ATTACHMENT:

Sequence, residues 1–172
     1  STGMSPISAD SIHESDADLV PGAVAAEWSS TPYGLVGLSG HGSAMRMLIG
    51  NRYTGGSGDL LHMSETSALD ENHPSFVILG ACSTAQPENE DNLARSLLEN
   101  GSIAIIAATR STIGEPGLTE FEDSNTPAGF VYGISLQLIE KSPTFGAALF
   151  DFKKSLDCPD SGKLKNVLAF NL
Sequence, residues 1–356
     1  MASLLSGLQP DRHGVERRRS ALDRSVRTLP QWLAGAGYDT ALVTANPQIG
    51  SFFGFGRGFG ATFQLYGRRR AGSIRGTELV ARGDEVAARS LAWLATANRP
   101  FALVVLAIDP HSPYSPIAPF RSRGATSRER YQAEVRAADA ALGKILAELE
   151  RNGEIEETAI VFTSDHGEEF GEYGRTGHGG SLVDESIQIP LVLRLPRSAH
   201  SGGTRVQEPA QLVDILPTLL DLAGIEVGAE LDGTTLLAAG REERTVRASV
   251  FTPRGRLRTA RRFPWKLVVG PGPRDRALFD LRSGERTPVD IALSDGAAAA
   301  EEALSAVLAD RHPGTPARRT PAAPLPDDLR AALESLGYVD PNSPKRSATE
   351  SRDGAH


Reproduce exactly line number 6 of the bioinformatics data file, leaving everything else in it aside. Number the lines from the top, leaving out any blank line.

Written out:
Sequence, residues 1–356